The Strategic Plan for Biodiversity 2011-2020 recognises that biodiversity underpins ecosystem functioning and the provision of ecosystem services that are essential for human well-being. The fourth Global Biodiversity Outlook underscores that biodiversity is still being lost and ecosystems degraded at alarming rates. Actions for restoring degraded ecosystems need to be strengthened and scaled up.
Some countries have developed public programmes with socio-economic and development objectives that invest in large-scale conservation and restoration of ecosystems. These programmes use labour-intensive approaches for both development needs and environmental goals.
To examine the potential of these types of programs to contribute simultaneously to development and environmental goals, the Convention on Biological Diversity initiated the project “Leveraging Public Programmes with Socio-Economic and Development Objectives to Support Conservation and Restoration of Ecosystems” with the generous financial contribution from the European Commission and the Government of Germany (Federal Ministry for the Environment, Nature Conservation, Building and Nuclear Safety).
The project summarizes the best practices and lessons learned of a number of existing programmes, providing information that may be useful to Parties to understand the potential of public programmes with socio-economic and development objectives to contribute simultaneously to poverty alleviation and large scale biodiversity conservation and ecosystem restoration goals. The project also aims to provide useful information to Parties to consider implementing similar programmes in their countries, thereby scaling up biodiversity conservation.
The project is divided into several components:
- a series of in-depth country cases studies, including best practices and lessons learned from the Republic of Korea, South Africa, and Brazil;
- a review of literature, including a brief overview of 18 examples from Africa, Asia and the Americas; and
- a technical series.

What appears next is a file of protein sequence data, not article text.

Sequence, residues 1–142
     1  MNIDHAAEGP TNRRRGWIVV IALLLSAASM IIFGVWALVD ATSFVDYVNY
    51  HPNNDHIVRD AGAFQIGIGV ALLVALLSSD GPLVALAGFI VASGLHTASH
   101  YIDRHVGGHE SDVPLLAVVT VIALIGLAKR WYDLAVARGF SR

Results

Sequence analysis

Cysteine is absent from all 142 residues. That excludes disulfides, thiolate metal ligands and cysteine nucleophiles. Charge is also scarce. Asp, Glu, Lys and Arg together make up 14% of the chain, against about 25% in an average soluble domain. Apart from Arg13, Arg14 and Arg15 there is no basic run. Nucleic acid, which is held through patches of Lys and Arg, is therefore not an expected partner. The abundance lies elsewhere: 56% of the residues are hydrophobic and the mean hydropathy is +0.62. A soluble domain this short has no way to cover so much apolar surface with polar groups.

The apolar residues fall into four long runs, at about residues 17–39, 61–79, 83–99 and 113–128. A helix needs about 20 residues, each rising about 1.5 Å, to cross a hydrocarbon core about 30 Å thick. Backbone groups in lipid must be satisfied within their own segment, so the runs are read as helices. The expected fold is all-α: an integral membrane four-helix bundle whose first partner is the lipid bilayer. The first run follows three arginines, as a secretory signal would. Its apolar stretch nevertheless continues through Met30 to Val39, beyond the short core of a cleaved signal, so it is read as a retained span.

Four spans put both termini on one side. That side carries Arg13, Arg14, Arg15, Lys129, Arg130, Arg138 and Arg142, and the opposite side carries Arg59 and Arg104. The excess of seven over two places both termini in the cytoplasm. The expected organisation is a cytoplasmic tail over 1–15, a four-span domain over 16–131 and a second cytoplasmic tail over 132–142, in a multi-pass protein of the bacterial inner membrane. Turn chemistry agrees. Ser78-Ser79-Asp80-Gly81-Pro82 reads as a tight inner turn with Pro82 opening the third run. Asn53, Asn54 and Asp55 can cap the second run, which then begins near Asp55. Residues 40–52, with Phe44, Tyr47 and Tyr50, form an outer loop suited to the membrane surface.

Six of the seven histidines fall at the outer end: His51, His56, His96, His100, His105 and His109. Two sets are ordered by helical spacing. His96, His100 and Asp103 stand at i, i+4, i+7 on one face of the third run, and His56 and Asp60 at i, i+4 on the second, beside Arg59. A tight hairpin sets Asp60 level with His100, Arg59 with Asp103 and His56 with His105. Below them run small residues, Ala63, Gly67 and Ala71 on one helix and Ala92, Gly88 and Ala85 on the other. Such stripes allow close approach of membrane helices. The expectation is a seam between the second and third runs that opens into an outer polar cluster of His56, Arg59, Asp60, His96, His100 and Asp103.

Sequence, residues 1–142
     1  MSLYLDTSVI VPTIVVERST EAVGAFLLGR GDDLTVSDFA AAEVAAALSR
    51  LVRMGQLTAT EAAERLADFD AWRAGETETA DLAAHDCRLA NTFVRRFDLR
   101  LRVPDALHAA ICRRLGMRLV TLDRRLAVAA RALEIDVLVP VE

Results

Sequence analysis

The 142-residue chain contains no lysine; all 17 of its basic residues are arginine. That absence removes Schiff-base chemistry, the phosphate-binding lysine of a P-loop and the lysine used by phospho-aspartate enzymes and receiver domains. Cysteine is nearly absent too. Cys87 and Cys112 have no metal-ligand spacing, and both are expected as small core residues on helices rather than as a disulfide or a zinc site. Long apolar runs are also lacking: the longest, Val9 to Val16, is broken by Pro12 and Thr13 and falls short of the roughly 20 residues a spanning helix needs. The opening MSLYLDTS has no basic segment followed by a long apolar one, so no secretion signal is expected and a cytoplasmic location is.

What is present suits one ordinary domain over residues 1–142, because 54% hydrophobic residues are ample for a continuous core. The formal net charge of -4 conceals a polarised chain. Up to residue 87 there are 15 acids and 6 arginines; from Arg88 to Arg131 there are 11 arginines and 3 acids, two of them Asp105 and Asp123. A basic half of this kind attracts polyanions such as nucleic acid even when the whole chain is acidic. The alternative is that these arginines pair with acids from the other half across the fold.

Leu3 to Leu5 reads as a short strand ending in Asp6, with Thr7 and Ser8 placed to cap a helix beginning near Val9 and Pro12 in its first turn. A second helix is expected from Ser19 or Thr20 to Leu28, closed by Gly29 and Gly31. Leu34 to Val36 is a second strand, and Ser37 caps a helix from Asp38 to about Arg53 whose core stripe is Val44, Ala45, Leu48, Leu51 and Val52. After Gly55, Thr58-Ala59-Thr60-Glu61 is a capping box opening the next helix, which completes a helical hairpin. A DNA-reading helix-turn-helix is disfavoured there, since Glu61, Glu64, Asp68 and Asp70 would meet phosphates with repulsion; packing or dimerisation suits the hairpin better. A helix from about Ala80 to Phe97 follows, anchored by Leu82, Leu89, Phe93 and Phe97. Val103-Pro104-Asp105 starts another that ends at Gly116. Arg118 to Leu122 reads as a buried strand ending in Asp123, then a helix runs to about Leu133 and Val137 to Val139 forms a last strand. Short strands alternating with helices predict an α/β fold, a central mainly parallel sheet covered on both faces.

The components will be made available on this website as they are finalized.
Republic of Korea
The large-scale extraction of timber during the Japanese occupation and effects of poverty during and after the Korean War left much of Korea’s forests in a state of devastation. In 1962, the Korean government began a massive reforestation effort. The National Reforestation Programme was responsible for reforesting over 2 million ha, generating revenue and supplying fuel wood to local communities, and erosion control projects throughout the Republic of Korea. By 1987, over 39 per cent of forested areas throughout the Republic of Korea was restored and the focus was reduced to specific forestry goals, such as increasing the income of rural residents from forest resources. It also promoted environmental awareness for citizens and encouraged participation in the tree-planting campaigns. The planting of a variety of tree species laid the foundation for improving biodiversity.
The arrival of South Africa’s first democratic government in 1994 was accompanied by profound political and social changes. Environmental governance under the previous apartheid regime saw the formulation of environmental policies and services that perpetuated social inequality. The peaceful transition to the new government led to a series of institutional changes based on best international practices. The adoption of a new constitution emphasizing the importance of environmental rights and justice became the guiding values in the design of environmental policy. With a greater emphasis on sustainability, the Working for Water programme became the government’s keystone environmental restoration and maintenance programme. The success of the programme led to an increase in environmental restoration and maintenance programmes.
Brazil has invested in a number of government programs that seek to reduce chronic poverty, improve infrastructure, and conserve and restore ecosystems. In doing so, the Brazil government has emphasized the structuring of policies focusing on extractive products and the extractivist community. The extraction of non-timber forest products is a long-standing practice associated with local communities in remote parts of the country. In order to alleviate the dependency on products extracted from nature by low income communities, two promising government policies for supporting biodiversity conservation and restoration goals have been implemented. The Price-support Policy for Socio-Biodiversity Derived Products and the Bolsa Verde Programme (Green Grant Programme), target the Brazilian population that largely depends upon the use of non-timber forest products for their livelihoods. They provide positive impacts on ecosystems and improve the beneficiaries’ quality of life.
Review of literature
The review of literature provides strategic information about 18 case examples taken from a representative sample of different regions of the world. Each case example (i.e. a national or regional programme) is summarized using the following key aspects: description, legal framework and design, observations, and elements with the potential for replicability.